WIPO Arbitration and Mediation Center
ADMINISTRATIVE PANEL DECISION
EGL AG v. Maurice Nathan
Case No. D2010-1012
1. The Parties
The Complainant is EGL AG of Dietikon, Switzerland, represented by Piana.eu, Italy.
The Respondent is Maurice Nathan of Paris, France.
2. The Domain Name and Registrar
The disputed domain name <eglitalia.com> is registered with GoDaddy.com, Inc.
3. Procedural History
The Complaint was filed with the WIPO Arbitration and Mediation Center (the “Center”) on June 18, 2010. On June 21, 2010, the Center transmitted by email to GoDaddy.com, Inc. a request for registrar verification in connection with the disputed domain name. On June 22, 2010, GoDaddy.com, Inc. transmitted by email to the Center its verification response confirming that the Respondent is listed as the registrant and providing the contact details.
The Center verified that the Complaint satisfied the formal requirements of the Uniform Domain Name Dispute Resolution Policy (the “Policy” or “UDRP”), the Rules for Uniform Domain Name Dispute Resolution Policy (the “Rules”), and the WIPO Supplemental Rules for Uniform Domain Name Dispute Resolution Policy (the “Supplemental Rules”).
In accordance with the Rules, paragraphs 2(a) and 4(a), the Center formally notified the Respondent of the Complaint, and the proceedings commenced on July 5, 2010. In accordance with the Rules, paragraph 5(a), the due date for Response was July 25, 2010. The Respondent did not submit any Response. Accordingly, the Center notified the Respondent’s default on July 26, 2010.
The Center appointed The Hon Neil Anthony Brown QC as the sole panelist in this matter on August 6, 2010. The Panel finds that it was properly constituted. The Panel has submitted the Statement of Acceptance and Declaration of Impartiality and Independence, as required by the Center to ensure compliance with the Rules, paragraph 7.
4. Factual Background
The Complainant is a Swiss energy company that also operates in Italy under the name of its fully-owned subsidiary EGL Italia Spa. It is the registered owner of numerous trademarks for EGL including the international trademarks no. 1033268 and no. 971224, (collectively referred to as the “EGL trademarks”).
The Complainant has registered and has used the domain names <egl-italia.it> and <egl-italia.com> since 2000 in the course of its business.
The Respondent registered the disputed domain name on April 15, 2010.
5. Parties’ Contentions
The Complainant alleges that the domain name <eglitalia.com> should no longer be registered with the Respondent, but that it should be transferred to the Complainant.
It contends that this should be done because, within the meaning of paragraph 4 of the Policy, the domain name is confusingly similar to the Complainant’s registered EGL trademarks, the Respondent has no rights or legitimate interests in the domain name, and the domain name has been registered and subsequently used in bad faith. The Complainant maintains that it can prove all three of these requirements and that the appropriate remedy is to transfer the domain name to the Complainant.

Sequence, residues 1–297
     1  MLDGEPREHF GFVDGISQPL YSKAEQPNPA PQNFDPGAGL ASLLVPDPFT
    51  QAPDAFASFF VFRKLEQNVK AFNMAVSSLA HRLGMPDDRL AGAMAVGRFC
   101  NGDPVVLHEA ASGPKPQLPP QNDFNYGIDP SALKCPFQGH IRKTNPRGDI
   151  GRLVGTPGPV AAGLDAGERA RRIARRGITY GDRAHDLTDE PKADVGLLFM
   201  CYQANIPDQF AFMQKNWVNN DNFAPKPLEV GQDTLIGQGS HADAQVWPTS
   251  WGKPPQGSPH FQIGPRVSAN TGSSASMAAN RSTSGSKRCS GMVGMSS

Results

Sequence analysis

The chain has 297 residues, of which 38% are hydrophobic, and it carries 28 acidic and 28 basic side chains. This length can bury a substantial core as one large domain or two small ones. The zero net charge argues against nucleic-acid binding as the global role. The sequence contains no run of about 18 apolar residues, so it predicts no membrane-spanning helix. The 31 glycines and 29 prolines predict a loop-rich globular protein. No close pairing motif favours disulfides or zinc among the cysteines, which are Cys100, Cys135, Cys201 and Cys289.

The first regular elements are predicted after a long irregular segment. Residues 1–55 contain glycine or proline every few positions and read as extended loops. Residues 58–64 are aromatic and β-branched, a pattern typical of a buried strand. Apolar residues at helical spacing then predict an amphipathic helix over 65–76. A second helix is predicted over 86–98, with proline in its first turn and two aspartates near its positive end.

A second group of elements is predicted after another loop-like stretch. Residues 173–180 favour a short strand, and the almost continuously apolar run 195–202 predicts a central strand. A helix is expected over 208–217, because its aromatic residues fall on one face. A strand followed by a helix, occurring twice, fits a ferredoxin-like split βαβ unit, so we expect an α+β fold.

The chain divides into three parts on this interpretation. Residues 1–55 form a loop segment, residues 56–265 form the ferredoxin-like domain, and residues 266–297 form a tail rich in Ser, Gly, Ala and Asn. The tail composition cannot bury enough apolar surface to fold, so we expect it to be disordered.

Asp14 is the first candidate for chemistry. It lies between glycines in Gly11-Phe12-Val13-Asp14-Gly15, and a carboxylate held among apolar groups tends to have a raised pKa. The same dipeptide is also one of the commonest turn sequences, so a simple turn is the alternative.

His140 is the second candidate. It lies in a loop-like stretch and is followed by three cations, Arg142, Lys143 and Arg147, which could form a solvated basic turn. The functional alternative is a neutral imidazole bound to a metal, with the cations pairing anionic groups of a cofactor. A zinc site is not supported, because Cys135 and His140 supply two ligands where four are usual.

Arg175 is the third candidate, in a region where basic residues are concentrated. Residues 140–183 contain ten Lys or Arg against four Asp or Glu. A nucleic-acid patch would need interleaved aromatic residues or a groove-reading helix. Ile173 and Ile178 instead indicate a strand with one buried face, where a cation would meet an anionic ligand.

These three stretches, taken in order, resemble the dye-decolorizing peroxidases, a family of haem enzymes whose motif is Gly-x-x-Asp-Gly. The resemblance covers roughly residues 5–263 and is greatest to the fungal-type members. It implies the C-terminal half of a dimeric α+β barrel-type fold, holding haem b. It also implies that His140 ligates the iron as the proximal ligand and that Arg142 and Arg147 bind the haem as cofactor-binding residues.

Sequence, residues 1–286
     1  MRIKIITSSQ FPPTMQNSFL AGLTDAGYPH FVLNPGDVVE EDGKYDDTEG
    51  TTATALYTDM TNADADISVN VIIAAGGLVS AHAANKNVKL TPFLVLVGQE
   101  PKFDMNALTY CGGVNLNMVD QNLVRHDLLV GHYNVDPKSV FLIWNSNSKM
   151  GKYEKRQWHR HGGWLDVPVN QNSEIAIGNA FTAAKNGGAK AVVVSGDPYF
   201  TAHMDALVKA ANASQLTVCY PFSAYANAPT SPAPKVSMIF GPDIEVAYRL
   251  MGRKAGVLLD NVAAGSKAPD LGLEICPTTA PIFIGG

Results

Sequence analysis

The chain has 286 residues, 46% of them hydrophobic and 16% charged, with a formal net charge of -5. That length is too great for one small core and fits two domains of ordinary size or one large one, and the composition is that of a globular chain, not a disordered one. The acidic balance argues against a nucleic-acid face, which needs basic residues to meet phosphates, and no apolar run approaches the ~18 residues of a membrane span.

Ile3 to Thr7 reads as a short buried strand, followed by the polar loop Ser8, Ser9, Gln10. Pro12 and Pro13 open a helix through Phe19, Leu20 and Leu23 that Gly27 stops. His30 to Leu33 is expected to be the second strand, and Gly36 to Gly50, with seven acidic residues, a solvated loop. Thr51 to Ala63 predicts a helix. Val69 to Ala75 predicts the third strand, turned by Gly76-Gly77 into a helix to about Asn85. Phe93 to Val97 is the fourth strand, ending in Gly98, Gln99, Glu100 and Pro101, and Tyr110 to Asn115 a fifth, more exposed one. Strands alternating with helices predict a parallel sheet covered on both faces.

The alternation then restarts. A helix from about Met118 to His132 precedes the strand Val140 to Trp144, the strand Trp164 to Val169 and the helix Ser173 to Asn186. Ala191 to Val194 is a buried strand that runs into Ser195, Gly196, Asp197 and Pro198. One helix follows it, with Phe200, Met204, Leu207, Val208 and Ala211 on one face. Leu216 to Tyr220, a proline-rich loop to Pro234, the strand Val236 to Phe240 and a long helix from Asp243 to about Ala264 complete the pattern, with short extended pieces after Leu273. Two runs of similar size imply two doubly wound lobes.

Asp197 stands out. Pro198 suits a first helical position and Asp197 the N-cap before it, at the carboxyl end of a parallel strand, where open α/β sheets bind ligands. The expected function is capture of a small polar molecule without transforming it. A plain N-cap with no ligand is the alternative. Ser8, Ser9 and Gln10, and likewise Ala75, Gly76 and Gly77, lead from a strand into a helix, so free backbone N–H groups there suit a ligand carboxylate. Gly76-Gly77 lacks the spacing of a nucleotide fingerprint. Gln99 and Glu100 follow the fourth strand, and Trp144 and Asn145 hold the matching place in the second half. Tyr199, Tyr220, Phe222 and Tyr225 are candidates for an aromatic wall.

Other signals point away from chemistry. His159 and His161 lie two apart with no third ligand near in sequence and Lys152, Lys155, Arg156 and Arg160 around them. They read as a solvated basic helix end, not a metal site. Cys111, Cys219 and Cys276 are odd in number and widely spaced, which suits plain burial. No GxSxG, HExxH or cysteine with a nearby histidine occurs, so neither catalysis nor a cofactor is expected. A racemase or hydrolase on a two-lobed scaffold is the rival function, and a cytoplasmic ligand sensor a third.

In support of its case on the first of these three elements, the Complainant relies on the registered EGL trademarks to which reference has already been made. It then says that the domain name <eglitalia.com> is confusingly similar to the EGL trademarks as the spelling of that word in the domain name is the same as the spelling of the same word in the trademarks the addition of the word “italia”, which is a clear reference to Italy, a country in which the Complainant carries on business, thus suggesting that the domain name relates to the Complainant and its business in Italy.
The Complainant then contends, to establish the second element, that the only apparent use to which the Respondent has put the domain name is to provide a deceptive website that falsely pretends to belonging to the Complainant, which it does not. The deceptive nature of the website is shown by the fact that it is very similar to the website of the Complainant, except that it includes a different telephone number that does not belong to the Complainant or any of its affiliates. There is no demonstrable preparation to use the domain name for a bona fide offering of goods or services. Moreover, the Respondent has provided a false name and a false address, showing that it is not a legitimate business.
Finally, the Complainant contends that the disputed domain name was registered and is being used in bad faith, because it is used as a tool to impersonate the website of the Complainant through the use of the same content, trademarks, graphics and even HTML code used in the Complainant’s own website. Moreover, the disputed domain name is not the only one registered in the name of the Respondent, as there are several others so registered, most of which are in the energy sector, as is the Complainant and they all resolve to websites that are similarly deceptive. This shows a clear pattern of abuse of the domain name system by the Respondent, thus showing further that the Respondent registers and uses domain names in bad faith.
The Respondent did not reply to the Complainant’s contentions.
6. Discussion and Findings
Paragraph 15 of the Rules provides that the Panel is to decide the Complaint on the basis of the statements and documents submitted and in accordance with the Policy, the Rules and any rules and principles of law that it deems applicable.